At one Adjunct Action Meeting, a frustrated biology professor shouted out, “Fight for $15? Hah! I’d be happy to get $5 an hour! I can barely afford to drive out here to teach–and I sure can’t afford to buy a #$%$#@@ Moonbucks cup of coffee. #PiratesforPay! #PiratesforPay! #PiratesforPay!” They had no health insurance, campus offices, or recognition. Now, they would force the administration to meet their demands–or else. They could only teach nine credit hours a semester, according to strict benefit thresholds for part-time employee guidelines, so an adjunct teaching six classes (eighteen credits) during the school year would earn $11,700. Compare this to the thirty-seven assistant and associate deans and VPs each making over $175,000 a year!
Really, what’s being done to our educated citizens is criminal…or would be, except CCs are state run institutions, and the State gets to decide what is criminal.
Part of what makes CCs so consistently fraudulent is they’re sold to the community as “jobs training centers” but primarily their student base is taking academic coursework. It’s a train wreck, and for every legitimate job certificate issued, hundreds of worthless academic degrees are printed as well.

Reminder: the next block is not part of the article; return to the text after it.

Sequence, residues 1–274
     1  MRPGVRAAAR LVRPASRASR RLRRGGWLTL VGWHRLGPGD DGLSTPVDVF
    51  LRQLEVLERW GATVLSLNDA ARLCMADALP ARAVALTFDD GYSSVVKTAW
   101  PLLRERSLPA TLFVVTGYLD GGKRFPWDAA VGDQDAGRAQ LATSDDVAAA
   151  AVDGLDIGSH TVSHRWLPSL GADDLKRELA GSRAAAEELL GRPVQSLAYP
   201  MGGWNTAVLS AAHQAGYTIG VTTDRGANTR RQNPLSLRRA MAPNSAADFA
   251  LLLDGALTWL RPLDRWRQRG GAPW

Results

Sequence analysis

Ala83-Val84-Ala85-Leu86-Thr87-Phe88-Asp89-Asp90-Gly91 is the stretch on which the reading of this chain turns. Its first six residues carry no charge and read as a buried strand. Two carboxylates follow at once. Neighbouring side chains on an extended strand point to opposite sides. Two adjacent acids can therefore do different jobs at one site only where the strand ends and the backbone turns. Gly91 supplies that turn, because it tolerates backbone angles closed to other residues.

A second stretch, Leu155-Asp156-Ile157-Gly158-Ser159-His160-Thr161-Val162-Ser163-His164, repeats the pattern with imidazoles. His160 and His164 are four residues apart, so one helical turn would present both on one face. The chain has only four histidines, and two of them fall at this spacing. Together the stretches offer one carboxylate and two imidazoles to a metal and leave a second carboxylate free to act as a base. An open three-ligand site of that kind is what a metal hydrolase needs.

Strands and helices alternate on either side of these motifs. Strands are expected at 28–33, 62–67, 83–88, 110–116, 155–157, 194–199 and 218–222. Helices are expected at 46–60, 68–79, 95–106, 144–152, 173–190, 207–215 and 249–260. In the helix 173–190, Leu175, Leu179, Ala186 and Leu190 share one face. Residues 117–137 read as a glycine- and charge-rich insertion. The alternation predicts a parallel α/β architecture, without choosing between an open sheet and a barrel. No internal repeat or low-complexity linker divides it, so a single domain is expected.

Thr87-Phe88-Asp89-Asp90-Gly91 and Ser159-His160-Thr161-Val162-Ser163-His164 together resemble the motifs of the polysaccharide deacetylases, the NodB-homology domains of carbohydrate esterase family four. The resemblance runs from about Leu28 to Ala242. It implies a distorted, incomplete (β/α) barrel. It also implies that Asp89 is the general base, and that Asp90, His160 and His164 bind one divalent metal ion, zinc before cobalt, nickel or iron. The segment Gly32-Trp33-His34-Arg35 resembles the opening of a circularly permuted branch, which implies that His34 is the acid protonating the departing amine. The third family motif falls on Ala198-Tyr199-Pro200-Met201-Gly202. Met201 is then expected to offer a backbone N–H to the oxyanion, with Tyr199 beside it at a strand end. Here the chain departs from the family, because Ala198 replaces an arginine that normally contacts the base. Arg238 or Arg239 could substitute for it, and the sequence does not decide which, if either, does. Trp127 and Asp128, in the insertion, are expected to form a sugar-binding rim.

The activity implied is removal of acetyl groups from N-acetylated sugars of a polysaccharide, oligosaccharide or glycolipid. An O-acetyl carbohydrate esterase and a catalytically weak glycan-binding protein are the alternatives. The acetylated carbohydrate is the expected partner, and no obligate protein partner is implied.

Buried in the book is a clever idea:
…job training degrees at community colleges require an academic component. Consider the “opposite.” What if all academic degrees required a job training component? Why not require all AA and BA degree recipients to take eighteen or so hours of job training course work–enough courses to earn a certificate or minor credential in medical transcription, culinary arts, or some other job-ready field?…
What an idea! We might even consider having non-academic degrees like Gender Studies also require, in addition to the bogus coursework, some legitimate work in hairdressing or something. At least those graduates will have other job options besides pouring coffee.